Name ______________________

Global Warming Experiment

Question: How does the earth maintain a temperature range that can support life? What provides heat to the earth? What keeps the earth from getting too hot?


One large clear glass jar (large enough to hold a plastic or paper cup)
Two paper cups
Soil (such as potting or topsoil)
Outdoor thermometer (small enough for the base to fit in the cup)
Spray bottle with water.


  1. Place the soil in each of the cups so the cups are almost full. Label one cup "A" and the other cup "B".
  2. Place the thermometer in cup "B" so that the base (the bulb of the thermometer) is slightly buried by the soil.
  3. Place both cups in direct sunlight (such as on a table outside). Wait about 10 minutes and record the temperature in cup "B".
  4. Move the thermometer to cup "A" and repeat the temperature measurement. Both cups of soil should be at the same temperature, if not, wait a few more minutes before taking the temperature.
  5. Place the large glass jar (upside down) over cup "A" keeping the thermometer in the soil.
  6. Wait several minutes and remove the jar and record the temperature.
  7. Move thermometer to cup "B" that was not covered, wait several minutes, and record the temperature again.


What did the temperature do when the soil was covered by the glass jar?

Temperature Observations:

Cup A:
At the Beginning: ___________

After Covered by Glass Jar: ___________

Cup B:
At the Beginning: ___________

At the End: ___________


Why do you think the temperature changed when the earth (soil) was enclosed by the glass jar? What is the source of the heat? Why did it not affect cup "B" that wasn't covered?


Repeat the entire experiment with one addition. After you have recorded the temperature in the soil covered by the jar, spray water mist into the jar before turning it over and covering the cup. Wait and record the temperature again. What happens? Is the temperature higher or lower when the water mist is sprayed in the "atmosphere" of the earth (the cup). Why do you think the water mist makes a difference?


Water vapor is invisible. Can you think of other gases in the earth's atmosphere that can have the same effect that water vapor did in this experiment? Why did you use two cups instead of only one? What happened to the temperature of cup "B" that was not covered by the jar? Most experiments have what you might think is an "extra" object or subject that is studied or measured. Why do you think this is important and what do you think it might be called?

Personal Experience:

Have you ever walked into a greenhouse? What was it like? Can you think of other situations where the heat from sunlight is trapped in a small space and it gets hot? Why might this greenhouse effect be bad for the earth?


Teacher's Guide:

Global Warming Experiment Goal:

To give students an understanding into the complexities involved in the global warming phenomenon. The earth's temperature is the result of sunlight penetrating the earth's atmosphere and warming the planet. Some of the light energy is reflected; however, certain gases in the atmosphere "trap" the heat energy after it is reflected off the surface of the earth. This trapping of sunlight energy creates the greenhouse effect. Gases, such as carbon monoxide and chlorofluorocarbons (formerly found in spray products until they were banned), are gases that trap light energy. Water vapor also has this capacity.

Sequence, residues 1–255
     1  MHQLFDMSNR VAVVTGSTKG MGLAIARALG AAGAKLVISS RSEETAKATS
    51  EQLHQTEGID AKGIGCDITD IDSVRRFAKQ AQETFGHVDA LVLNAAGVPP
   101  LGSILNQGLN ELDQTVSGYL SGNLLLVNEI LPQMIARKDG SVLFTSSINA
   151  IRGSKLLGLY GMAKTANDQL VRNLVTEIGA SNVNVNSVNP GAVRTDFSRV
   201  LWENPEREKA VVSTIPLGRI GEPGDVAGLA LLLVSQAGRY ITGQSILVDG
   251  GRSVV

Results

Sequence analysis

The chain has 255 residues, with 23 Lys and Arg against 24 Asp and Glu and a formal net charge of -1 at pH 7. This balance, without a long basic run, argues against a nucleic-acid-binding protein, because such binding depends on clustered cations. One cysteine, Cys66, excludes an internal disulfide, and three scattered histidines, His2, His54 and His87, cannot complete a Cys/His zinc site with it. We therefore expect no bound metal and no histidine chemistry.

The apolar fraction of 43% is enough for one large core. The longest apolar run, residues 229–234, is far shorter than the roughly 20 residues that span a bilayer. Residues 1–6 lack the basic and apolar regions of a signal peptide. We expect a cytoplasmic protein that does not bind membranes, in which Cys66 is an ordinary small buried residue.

The cup of soil covered by the inverted glass jar will be warmer than the uncovered cup. The glass jar acts like a greenhouse trapping reflected heat energy.


Sunlight is the source of the earth's heat. There is a natural balance of sunlight that enters the atmosphere and energy that is reflected and not converted to heat. Anything in the atmosphere that "traps" sunlight energy will add heat to the atmosphere and can result in an increase in temperature.


Water vapor is a gas and can "trap" heat that enters the inverted jar, as can other gases. The primary concern with the greenhouse effect is that artificial gases added to the air as pollutants are increasing this effect and slowly causing the earth's temperature to increase. This is not only a very slow process (estimates are about 1 degree F this century), but it is also unevenly distributed across regions of the earth. Environmental consequences are thought to include melting of the polar ice, sea level rise, and an increase in extreme weather patterns, such as droughts and floods.


This experiment used two cups, one was a "treatment" (cup "A") and one was a "control" (cup "B"). The control gives the students an introduction to the concept of comparisons of measurements. The experiment could be expanded to have several control and treatment cups if it is desired to teach the concept of the mean, variability (variance), or basic statistical approaches. Students should understand that an important method used in science involves treating or manipulating the subject of study and then observing or measuring the outcome. Without a proper reference, it is impossible to determine what effect the treatment is having, either negative or positive.

Personal Experience:

The students should understand that what we add to our air may not be visible but may have profound effects on human health or the environment. The concept of long-term change is also important. Cumulative effects over decades or centuries can have an irreversible effect on the planet. Most children are familiar with the sun's effect in a closed car. They can discuss what this means if the entire earth is subjected to this type of effect. Will more farmland be converted to desert by droughts? Will sea level rise due to the melting of polar ice and coastal areas and islands disappear? Scientists disagree on the future impacts of global warming; however, it is important that we consider all the consequences of our actions.

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